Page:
Sunday, August 3, 2014

Planned dams threaten Cambodia's food security

IRIN: The planned construction of 88 hydroelectric dams in the lower Mekong basin by 2030 will cause food security challenges in Cambodia, experts say. “Cambodia is going to pay the highest price for dam development basin-wide, to the point of affecting the food security of its 80 percent rural population,” Eric Baran, a specialist with the WorldFish Centre, an international research NGO based in Phnom Penh, told IRIN. “Worldwide, there is no bigger consumer of freshwater fish than Cambodia.”

By 2030, multi-national developers plan to construct 11 dams on the Mekong river mainstream, and 77 dams on its tributaries, in an effort to meet the growing demand for electricity in Cambodia, China, Laos, Myanmar, Thailand, and Vietnam.

Electricity demand is already intense, and growing. According to a 2010 hydropower assessment report commissioned by the Mekong River Commission (MRC) - an inter-governmental agency shared by Cambodia, Lao PDR, Thailand and Vietnam - Vietnam and Thailand account for the majority of electricity consumption today and will account for 96 percent of power demand in the Lower Mekong Basin (which consists of Laos, Thailand, Cambodia and Vietnam) by 2025.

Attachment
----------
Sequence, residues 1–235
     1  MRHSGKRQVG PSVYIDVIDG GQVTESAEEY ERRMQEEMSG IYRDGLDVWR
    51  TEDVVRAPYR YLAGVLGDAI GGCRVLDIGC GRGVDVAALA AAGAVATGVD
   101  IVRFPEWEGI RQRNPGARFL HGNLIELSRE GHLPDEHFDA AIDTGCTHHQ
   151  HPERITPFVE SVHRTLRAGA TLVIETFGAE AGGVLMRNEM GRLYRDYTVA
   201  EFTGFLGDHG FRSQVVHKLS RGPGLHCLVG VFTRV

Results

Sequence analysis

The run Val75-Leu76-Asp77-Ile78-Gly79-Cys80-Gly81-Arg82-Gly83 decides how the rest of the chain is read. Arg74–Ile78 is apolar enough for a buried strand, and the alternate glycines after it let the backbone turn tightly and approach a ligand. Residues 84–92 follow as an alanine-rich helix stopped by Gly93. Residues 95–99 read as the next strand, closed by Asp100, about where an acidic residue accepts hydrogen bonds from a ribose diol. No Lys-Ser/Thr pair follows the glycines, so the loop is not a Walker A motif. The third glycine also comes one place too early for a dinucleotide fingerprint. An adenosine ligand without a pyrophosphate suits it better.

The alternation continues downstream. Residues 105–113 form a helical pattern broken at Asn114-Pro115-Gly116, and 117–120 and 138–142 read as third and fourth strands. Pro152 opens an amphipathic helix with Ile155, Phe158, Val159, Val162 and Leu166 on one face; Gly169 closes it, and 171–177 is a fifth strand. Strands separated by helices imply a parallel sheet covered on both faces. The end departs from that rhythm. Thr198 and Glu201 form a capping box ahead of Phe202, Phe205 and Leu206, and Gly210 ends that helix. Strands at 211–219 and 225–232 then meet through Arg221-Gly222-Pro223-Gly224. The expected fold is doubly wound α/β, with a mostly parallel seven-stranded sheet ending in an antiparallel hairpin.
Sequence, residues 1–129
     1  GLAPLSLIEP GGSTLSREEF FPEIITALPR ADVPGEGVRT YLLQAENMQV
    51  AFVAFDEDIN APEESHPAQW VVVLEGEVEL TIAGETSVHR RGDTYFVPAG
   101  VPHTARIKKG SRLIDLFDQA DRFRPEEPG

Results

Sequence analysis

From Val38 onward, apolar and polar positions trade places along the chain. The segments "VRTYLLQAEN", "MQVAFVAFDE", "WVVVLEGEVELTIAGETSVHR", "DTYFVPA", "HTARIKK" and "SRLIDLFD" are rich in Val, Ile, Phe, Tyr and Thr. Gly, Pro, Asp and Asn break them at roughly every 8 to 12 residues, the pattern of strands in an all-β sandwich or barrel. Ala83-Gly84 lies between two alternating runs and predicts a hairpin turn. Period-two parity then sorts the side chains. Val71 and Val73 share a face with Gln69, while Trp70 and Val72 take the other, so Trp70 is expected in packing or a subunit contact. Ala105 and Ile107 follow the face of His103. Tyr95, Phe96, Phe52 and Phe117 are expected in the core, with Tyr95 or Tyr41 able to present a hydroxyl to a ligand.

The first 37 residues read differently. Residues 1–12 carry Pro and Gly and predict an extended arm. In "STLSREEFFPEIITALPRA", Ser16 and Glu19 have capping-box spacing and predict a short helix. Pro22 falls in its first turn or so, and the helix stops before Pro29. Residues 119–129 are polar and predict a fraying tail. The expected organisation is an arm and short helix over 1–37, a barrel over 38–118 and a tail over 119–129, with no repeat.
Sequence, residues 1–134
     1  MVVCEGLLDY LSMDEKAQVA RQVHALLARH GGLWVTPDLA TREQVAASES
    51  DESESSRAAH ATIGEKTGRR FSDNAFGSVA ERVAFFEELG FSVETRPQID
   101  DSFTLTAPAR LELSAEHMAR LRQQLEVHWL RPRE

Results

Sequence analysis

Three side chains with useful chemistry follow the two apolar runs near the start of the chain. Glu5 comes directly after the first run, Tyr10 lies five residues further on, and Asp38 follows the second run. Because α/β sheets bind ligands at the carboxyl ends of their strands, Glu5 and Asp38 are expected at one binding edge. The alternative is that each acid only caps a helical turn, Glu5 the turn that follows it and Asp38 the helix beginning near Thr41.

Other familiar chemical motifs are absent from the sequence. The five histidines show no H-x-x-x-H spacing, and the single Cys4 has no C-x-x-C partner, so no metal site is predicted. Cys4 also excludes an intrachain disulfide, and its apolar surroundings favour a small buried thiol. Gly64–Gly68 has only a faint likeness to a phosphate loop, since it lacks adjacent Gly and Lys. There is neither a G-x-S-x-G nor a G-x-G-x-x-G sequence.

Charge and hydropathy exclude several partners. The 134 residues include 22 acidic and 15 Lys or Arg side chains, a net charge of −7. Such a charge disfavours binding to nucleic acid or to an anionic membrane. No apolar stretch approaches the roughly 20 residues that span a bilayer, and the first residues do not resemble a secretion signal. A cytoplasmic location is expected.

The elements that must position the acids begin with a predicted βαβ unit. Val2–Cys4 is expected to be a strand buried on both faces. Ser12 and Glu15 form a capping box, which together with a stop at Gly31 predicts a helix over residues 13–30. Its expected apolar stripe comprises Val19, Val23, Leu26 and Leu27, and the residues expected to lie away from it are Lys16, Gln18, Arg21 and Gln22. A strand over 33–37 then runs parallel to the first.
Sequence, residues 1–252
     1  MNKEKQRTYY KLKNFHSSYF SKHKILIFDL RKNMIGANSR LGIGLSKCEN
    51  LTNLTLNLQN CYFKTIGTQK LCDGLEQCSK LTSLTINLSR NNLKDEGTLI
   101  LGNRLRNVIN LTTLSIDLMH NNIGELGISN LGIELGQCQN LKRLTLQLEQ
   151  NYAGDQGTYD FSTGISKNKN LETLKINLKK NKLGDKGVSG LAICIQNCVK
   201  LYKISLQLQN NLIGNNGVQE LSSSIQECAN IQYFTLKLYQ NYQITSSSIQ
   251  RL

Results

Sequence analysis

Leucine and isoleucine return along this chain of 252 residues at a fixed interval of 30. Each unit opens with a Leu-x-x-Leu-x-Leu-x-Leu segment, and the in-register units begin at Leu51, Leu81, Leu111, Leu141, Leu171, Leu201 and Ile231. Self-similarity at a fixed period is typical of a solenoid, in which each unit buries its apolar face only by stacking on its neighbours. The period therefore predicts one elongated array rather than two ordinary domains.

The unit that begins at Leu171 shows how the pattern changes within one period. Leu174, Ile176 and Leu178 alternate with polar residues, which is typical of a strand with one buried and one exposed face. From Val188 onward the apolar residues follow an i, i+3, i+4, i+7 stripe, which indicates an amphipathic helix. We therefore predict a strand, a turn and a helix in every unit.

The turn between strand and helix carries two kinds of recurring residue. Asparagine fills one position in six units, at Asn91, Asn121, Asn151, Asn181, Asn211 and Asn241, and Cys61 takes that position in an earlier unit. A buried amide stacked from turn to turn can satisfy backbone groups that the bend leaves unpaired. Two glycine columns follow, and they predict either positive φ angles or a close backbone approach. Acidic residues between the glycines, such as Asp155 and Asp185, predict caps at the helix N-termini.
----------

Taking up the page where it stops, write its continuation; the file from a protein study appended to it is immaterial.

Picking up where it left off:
With its fish-heavy diet, Cambodia will feel the crunch of the dams as water courses change and fish migration routes are blocked. Attempts to change agricultural practices and diets face major challenges in the fish-dependent country.

A 2013 study led by Cambodia’s Ministry of Fisheries showed that Cambodians eat on average 173 grams of fish per day; the world’s average is five grams. Consumption could drop to 80g per person per day by 2030, the report argued, due to the construction of the dams...

Dried fish for sale in Cambodia, shot by McKay Savage, Wikimedia Commons via Flickr, under the Creative Commons Attribution 2.0 Generic license

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